This edited article about the Match Girls’ Strike first appeared in Look and Learn issue number 568 published on 2 December 1972.
Each evening, a few minutes after the whistle had blown, they could be seen streaming out of the Bryant and May factory off the Bow Road, a female army of pale ghosts dressed in drab and tattered clothing and wearing down at heel shoes. Stamped with the indelible mark of poverty, their eyes red-rimmed and heavy with permanent despair, they shuffled off nightly to their respective hovels in the slum wasteland of the East End. If no one gave them any more than a passing glance as they went by, it was because such sights were all too common in the streets of London.
The members of this particular pitiful army were known as the Match Girls, who were even more worse off than most. Working in the Bryant and May Match Factory, meant working long hours in primitive conditions, with no proper washrooms and toilets, More to the point it meant handling dangerous chemicals which turned many of them into physical wrecks. For this they were paid anything from 4/- (20p) to 13/- (65p) a week, from which fines were deducted for such trivial offences as answering back the bullying charge hands who had the power to fire any girl on the spot who seemed a potential trouble maker.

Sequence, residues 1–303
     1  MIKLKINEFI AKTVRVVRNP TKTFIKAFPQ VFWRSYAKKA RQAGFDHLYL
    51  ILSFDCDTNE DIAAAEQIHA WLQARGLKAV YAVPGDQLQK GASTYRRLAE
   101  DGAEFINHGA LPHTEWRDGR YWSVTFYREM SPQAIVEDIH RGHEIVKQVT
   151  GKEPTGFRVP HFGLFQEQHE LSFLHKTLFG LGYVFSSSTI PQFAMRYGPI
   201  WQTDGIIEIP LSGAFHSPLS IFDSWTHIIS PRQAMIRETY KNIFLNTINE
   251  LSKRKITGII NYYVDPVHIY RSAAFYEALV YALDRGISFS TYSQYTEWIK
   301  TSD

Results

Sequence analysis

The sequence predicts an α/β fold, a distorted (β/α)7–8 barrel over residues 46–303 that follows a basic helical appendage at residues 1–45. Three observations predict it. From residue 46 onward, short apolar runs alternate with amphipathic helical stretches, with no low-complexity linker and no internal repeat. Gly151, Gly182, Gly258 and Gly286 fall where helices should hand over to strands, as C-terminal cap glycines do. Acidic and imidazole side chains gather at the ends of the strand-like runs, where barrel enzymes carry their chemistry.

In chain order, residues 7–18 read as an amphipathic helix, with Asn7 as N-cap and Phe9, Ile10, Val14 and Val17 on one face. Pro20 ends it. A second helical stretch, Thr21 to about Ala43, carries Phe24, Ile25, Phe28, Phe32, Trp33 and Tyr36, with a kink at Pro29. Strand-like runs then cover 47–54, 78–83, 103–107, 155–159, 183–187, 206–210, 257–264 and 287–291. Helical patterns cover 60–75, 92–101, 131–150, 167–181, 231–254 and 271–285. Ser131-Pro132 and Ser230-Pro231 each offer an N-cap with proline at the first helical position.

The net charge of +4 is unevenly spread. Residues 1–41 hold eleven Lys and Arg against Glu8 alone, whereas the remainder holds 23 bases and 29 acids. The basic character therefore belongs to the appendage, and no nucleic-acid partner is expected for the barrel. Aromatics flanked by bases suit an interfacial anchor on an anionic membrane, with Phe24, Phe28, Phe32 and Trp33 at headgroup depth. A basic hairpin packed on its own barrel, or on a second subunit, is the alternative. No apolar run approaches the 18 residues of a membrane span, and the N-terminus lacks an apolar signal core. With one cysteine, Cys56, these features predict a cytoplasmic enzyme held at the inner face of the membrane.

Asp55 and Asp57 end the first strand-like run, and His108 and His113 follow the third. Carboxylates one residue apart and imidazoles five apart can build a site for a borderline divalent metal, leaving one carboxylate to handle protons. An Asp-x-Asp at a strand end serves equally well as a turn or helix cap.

It was the year of 1888, and thanks mainly to the Trades Unions, recent legislation had put a stop to some of the worst abuses carried out in the factories. But the little that had been done had been confined to the skilled workers. The illiterate, unskilled workers remained as they had always been, underpaid, and exploited, and with seemingly no opportunity of having their wrongs redressed.
But for the Match Girls, at least, help was at hand in the formidable shape of one Mrs Annie Besant, a woman of forty, who had already made herself unpopular in many circles for her fight for women’s rights, which were practically non-existent at the time.
Among other things, Annie Besant was a member of the Fabian Society, a small group of people who had named their society after the Roman, Quintus Fabius Maximus, known as the Delayer, because he had harrassed Hannibal’s army for three years without once entering into a major encounter on the battlefield. The Fabians, who were all Socialists, hoped to use similar tactics to bring about a number of social and economic reforms. Using the slogan “Evolution not Revolution,” they hoped to break down the prejudices of their Establishment with reasoned argument. But reason, alas, does not always prevail, and already it was beginning to dawn on the Fabians that militancy was sometimes necessary. Mrs Annie Besant was perhaps rather different to the other members of the society inasmuch as that she had always been a militant. Aggressive, determined and totally devoted to the cause of women’s emancipation, she was the ideal person to fight for the cause of the Match Girls. Her efforts on their behalf were to have far wider ramifications than she could have ever realised.
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